A new New York Times/CBS News poll shows that republican voters see their party as divided and many don't forsee a GOP president in '08.
After years of political dominance, Republican voters now view their party as divided and say they are not satisfied with the choice of candidates seeking the Republican presidential nomination in 2008, according to the latest New York Times/CBS News poll.
In a survey that brought to life the party’s anxieties about keeping the White House, Republicans said they were concerned that their party had drifted from the principles of Ronald Reagan, its most popular figure of the past 50 years.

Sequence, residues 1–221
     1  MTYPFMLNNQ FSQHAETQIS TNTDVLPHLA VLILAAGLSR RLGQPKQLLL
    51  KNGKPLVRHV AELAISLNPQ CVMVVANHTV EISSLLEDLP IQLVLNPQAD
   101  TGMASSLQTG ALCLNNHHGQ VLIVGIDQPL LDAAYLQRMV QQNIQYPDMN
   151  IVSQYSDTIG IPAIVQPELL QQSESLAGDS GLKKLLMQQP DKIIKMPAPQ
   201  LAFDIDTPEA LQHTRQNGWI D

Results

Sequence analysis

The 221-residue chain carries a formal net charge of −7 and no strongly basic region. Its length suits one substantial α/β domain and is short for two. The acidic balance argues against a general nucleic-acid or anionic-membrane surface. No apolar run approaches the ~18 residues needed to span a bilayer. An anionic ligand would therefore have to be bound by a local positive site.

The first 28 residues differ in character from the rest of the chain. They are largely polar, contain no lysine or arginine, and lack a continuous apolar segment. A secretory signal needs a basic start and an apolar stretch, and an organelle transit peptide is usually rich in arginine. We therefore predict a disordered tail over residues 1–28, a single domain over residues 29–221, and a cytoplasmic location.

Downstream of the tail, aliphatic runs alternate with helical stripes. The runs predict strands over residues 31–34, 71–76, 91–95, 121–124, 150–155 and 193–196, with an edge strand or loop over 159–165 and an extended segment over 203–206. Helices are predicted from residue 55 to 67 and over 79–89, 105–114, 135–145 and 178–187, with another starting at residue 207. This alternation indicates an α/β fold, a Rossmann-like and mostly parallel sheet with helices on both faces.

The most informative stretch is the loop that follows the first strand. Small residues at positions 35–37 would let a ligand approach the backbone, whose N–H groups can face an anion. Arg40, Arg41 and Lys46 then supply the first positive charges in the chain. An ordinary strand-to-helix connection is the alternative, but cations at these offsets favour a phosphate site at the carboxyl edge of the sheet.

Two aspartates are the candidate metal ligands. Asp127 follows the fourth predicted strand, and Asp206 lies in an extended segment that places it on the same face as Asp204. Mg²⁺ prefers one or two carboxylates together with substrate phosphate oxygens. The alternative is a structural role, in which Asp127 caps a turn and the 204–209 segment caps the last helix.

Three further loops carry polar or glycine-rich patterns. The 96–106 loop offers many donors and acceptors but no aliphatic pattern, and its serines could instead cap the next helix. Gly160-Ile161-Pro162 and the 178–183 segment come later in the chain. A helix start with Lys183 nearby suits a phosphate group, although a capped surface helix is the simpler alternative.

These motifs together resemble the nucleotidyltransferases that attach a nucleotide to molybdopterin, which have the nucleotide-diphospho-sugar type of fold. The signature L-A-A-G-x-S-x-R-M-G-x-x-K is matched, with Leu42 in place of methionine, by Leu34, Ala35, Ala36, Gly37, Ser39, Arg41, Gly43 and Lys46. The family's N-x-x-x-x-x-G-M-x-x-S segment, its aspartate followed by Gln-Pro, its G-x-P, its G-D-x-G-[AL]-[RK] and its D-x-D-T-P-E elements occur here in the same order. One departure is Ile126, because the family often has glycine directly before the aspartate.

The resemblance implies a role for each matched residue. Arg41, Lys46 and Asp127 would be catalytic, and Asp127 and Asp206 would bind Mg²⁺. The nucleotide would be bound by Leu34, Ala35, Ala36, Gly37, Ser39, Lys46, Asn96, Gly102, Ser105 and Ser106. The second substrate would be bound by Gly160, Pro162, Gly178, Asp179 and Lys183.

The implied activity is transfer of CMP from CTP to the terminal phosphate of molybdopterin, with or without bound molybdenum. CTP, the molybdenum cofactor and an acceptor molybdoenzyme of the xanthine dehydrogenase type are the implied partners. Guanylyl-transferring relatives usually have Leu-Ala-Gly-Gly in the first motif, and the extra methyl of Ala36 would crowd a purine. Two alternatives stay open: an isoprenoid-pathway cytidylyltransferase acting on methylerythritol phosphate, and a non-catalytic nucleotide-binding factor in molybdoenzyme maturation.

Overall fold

Forty percent of Republicans said they expected Democrats to take control of the White House next year, compared with 46 percent who said they believed a Republican would win. Just 12 percent of Democrats said they thought the opposing party would win the White House.
Other findings show that, while a majority support the war in Iraq and Bush's troop surge, only 39% of GOP voters thought that a candidate who was committed to staying in Iraq could win -- the position of GOP frontrunners.
One respondent, Randy Miller of KS, summed up the mood among republican voters; "There is going to be so much antiwar in the news media that there is no way the Republicans are going to win. The Democrats will win because of the war. I think the Republicans just won’t vote."